This week, Grace Thiele gives you her top tips on how to describe your characters with maximum impact!
Hello dearest writers! Today, after my previous post on building up characters in your imagination, I’ll be writing about methods to begin translating that onto the page, specifically in physical description. Building them up in your mind and getting to know them is great fun, but unfortunately it’s all for naught if the reader can’t imagine them too. So this is a really a great time to consider how your favourite romance authors achieve this.
Look for the bare necessities, the simple bare necessities, forget about…
I think that the first thing to keep in mind here is to be concise. In fiction generally, you’ll find plenty of examples of pages of character description: some of this will be done well, some less so. It’s very tempting to go full-throttle here, I know! You want your readers to love the characters you can picture so clearly, and for them to have the same experience. However, series romance isn’t the place to overdo it. There are two reasons for this: you have a limited word count, and readers are looking for the story; also readers want some scope to imagine their hero and heroine for themselves. They don’t need to know every eensy-weensy detail, and you don’t want it to get in the way of the story either.
Let’s get physical, physical…
Establishing physical traits is crucial. Heroes often lean toward tall, dark and handsome (certainly the first and last of these!), and trust me, we ain’t complainin’, but mark out what makes your hero distinctive. What will make him memorable to the reader? Does he have particularly striking eyes or broad shoulders? Does the sun catch the colour of his hair a certain way? Does he like to wear scrubs, a doublet and hose or a Saville Row suit? It’s a great idea to call out whatever the heroine notices and is attracted to.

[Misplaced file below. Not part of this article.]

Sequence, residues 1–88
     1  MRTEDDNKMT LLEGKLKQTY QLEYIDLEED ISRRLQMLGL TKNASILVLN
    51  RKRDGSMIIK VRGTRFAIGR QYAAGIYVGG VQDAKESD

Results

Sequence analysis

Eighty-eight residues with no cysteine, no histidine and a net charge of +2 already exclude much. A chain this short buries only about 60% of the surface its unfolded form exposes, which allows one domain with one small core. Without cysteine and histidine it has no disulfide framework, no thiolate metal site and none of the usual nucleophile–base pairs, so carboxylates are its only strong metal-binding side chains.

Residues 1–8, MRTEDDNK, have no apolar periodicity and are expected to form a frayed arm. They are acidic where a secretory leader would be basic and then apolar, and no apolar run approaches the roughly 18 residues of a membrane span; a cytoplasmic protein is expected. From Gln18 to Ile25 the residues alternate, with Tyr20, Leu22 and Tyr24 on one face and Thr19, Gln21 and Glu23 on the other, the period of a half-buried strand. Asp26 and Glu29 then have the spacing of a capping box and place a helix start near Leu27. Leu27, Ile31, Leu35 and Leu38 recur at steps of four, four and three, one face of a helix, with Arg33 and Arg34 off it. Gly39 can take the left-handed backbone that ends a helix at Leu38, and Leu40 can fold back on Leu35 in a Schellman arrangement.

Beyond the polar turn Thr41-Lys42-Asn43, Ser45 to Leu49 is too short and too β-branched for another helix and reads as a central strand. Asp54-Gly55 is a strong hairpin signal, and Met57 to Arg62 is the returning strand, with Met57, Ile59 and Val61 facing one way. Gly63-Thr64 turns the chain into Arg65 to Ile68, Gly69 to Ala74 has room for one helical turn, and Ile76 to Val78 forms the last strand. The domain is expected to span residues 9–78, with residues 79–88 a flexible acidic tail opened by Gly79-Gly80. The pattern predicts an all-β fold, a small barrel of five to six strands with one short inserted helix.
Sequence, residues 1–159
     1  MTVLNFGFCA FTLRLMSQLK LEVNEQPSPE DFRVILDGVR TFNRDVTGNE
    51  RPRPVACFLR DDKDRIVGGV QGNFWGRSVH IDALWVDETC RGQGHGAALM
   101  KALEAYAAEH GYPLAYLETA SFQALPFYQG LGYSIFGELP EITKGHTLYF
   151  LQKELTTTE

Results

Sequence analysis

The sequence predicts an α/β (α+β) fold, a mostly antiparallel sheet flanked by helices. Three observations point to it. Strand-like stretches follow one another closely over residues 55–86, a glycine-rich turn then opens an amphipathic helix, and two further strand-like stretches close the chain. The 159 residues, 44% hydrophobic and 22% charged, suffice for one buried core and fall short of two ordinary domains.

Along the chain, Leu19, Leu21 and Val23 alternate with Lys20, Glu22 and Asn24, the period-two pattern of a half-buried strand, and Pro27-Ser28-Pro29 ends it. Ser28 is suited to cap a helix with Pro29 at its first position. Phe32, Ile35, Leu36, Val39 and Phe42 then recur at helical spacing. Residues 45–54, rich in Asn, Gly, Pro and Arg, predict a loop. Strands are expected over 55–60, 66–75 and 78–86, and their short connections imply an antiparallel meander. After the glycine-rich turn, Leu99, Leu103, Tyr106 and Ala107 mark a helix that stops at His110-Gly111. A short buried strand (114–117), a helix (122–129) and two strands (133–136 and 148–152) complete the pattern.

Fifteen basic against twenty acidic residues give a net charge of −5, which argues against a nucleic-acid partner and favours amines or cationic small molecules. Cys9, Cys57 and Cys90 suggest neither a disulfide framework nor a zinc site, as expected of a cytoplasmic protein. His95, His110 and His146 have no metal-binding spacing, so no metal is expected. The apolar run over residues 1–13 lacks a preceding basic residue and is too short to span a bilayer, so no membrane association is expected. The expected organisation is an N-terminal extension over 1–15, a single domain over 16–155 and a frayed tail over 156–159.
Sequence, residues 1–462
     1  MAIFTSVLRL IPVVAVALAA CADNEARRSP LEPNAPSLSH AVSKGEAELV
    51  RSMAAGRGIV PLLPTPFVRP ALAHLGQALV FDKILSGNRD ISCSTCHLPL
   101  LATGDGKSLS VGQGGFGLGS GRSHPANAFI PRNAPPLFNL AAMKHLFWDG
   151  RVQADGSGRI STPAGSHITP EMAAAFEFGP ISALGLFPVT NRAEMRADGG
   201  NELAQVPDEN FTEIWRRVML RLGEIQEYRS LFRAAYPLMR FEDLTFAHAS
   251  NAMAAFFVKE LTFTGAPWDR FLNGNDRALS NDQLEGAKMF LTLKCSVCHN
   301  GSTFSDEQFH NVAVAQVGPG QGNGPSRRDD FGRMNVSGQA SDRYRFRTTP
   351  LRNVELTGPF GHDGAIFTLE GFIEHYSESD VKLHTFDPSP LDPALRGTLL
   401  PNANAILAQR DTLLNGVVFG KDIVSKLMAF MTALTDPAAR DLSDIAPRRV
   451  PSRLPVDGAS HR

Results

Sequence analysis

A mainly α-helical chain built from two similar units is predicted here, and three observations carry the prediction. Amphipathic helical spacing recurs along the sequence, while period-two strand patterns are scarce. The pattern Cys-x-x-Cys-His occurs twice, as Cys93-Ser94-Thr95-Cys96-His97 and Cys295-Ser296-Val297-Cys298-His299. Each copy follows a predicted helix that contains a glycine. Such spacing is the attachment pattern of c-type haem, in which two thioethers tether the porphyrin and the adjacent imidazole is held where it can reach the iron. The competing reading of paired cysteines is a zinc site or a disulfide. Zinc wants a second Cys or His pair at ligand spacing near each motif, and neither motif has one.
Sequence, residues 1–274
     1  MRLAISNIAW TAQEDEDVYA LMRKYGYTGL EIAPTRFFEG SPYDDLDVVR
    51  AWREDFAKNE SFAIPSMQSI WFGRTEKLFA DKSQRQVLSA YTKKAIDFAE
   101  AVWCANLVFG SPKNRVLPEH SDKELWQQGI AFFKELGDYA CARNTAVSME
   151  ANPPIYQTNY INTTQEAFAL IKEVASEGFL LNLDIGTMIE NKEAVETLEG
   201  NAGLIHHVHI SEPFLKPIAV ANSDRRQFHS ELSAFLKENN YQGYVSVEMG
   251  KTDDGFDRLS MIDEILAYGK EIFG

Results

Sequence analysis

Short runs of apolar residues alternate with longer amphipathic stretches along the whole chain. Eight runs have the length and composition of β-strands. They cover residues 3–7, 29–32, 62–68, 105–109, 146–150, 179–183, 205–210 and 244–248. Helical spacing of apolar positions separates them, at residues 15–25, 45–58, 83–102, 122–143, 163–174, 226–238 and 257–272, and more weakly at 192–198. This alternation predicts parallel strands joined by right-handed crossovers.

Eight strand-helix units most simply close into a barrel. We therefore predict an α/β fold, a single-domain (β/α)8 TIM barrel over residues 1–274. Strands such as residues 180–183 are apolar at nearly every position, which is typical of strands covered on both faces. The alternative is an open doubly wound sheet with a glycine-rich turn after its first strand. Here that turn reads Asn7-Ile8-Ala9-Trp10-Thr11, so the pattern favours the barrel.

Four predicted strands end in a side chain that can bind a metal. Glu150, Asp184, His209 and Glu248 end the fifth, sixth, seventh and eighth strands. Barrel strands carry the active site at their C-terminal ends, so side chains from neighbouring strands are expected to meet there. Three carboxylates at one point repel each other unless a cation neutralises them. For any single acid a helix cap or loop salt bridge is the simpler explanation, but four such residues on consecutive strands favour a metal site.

This goes the other way too! Anything that draws the hero to the heroine is fantastic, be she tall, petite, curvaceous, slender, with gorgeous hair of any description. (Although some do say that blondes have more fun.) Also make sure that when the reader meets her, her appearance ties in with any relevant personality traits. If you’re writing a Cinderella story, it’s important that the reader understands the ‘before’ and the ‘after’, and why she might be insecure or vulnerable. Having said that, don’t be too mean – we still have to believe that the hero would fall for her! If she’s model gorgeous, make sure she’s still approachable. In both instances, the reader should root for and sympathise with the heroine, while on some level aspire to be her.
Something in the way you move…
Personally, I really think that the way a character moves says a lot about them. Does your hero stride commandingly into a room? Does your heroine sit curled up in a chair? I always quite like physical tics, things like running hands through hair or biting bottom lips. Little touches can really bring characters to life, and show on the outside (particularly when they’re being viewed by the other protagonist) what’s really going on internally.
Be sure to work these elements well into your story.
As always, what matters most of all is the developing romance between your characters. Harlequin editors want that to be the ultimate drive behind the story, so what matters most is not (necessarily) what the characters look like specifically, but what each of them thinks of the other’s appearance and how they respond to it. There’s obviously a lot more to getting any love right than looks, but it’s equally important to get physical attraction on the right track from the start!
Sooo! Next time I’ll be really diving deep into developing character motivations and conflicts! I hope you’re all enjoying the summer sunshine (if you’ve got any!) and remember that the best way to keep cool is always with ice cream. Just don’t spill any into your keyboard. Cheerio possums!